If the recent past is any guide:
- the C language will remain mostly stable and unchanged
- The C++ language will adopt many new things, in 20 years it will probably be from 2 to 10 times as complex as it is now
Some alternative programming languages will rise for the domain that is now dominated by C and C++, but they will not get much traction. The successful ideas from these languages will be incorporated in C++ (and a few unsuccesful ones too), but will be ignored by C.
C will remain dominant in Electrical Engineering curricula and careers (and in the Linux kernel). C++ will become dominant in low-level/high-performance/resource-constrained programming that is not intimately tied to electronics.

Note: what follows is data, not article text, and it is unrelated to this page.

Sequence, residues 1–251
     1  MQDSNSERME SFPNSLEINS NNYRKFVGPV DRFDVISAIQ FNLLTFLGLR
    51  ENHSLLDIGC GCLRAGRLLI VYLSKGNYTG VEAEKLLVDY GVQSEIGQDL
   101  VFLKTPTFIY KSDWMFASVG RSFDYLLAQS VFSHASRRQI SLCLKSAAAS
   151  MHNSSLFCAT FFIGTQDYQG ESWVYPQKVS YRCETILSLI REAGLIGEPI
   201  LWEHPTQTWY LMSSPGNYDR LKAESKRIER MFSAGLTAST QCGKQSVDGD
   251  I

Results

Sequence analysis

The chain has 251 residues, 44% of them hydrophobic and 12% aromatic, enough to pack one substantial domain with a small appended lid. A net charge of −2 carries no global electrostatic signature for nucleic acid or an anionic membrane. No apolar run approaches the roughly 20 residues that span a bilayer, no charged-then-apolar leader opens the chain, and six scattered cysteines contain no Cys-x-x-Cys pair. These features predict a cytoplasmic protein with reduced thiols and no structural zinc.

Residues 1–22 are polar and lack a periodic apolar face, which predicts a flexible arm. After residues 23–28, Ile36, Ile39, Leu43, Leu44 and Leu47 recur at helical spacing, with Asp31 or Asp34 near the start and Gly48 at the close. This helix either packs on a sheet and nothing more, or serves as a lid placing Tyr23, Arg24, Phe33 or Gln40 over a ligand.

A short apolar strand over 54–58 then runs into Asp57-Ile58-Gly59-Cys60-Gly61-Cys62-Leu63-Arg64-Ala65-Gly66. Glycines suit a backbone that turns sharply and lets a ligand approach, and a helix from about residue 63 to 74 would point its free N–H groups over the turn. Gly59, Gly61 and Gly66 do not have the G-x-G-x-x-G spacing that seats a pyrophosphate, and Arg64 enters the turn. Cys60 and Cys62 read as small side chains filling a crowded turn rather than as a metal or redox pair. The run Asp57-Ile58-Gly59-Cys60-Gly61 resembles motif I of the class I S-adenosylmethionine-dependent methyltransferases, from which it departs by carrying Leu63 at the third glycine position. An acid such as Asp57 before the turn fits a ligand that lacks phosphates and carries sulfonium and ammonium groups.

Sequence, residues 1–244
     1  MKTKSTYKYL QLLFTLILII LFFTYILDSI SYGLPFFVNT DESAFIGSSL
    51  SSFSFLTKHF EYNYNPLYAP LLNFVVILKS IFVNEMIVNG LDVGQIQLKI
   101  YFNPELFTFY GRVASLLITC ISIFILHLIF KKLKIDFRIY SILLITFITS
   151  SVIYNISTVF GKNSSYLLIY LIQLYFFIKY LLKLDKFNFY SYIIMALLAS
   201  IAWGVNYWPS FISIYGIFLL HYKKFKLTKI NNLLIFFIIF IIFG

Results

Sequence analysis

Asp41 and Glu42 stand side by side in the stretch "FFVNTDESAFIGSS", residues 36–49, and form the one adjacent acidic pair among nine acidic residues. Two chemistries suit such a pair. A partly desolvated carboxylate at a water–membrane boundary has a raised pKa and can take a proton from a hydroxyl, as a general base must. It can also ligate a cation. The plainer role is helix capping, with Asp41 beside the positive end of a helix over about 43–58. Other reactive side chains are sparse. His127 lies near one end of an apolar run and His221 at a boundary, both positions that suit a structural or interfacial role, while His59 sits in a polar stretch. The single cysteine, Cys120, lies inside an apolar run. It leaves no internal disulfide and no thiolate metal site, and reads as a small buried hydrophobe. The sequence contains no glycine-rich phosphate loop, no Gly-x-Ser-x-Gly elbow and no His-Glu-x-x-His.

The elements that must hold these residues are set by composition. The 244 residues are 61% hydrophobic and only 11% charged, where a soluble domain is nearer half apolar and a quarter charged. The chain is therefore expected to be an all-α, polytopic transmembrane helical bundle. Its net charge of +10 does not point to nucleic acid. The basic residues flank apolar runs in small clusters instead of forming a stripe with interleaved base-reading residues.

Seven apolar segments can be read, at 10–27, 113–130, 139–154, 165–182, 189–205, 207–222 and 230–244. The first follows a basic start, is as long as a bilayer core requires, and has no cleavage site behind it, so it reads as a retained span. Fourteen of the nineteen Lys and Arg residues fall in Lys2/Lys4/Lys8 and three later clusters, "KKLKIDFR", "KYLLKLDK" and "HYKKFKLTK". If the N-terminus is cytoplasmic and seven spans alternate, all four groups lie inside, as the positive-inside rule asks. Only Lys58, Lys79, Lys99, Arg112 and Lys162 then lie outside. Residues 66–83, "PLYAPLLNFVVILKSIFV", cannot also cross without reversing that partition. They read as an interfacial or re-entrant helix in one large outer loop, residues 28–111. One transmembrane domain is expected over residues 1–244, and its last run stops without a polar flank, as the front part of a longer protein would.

Hardware will continue to evolve, hence things that are now done in C and C++ will be done in other, more programmer-friendly but less performant (less CPU-friendly) languages. New application areas will arise that require performant languages to get the most out of the hardware, these things (gadgets? wearables? intelligent dust? who knows) will be programmed in C or C++.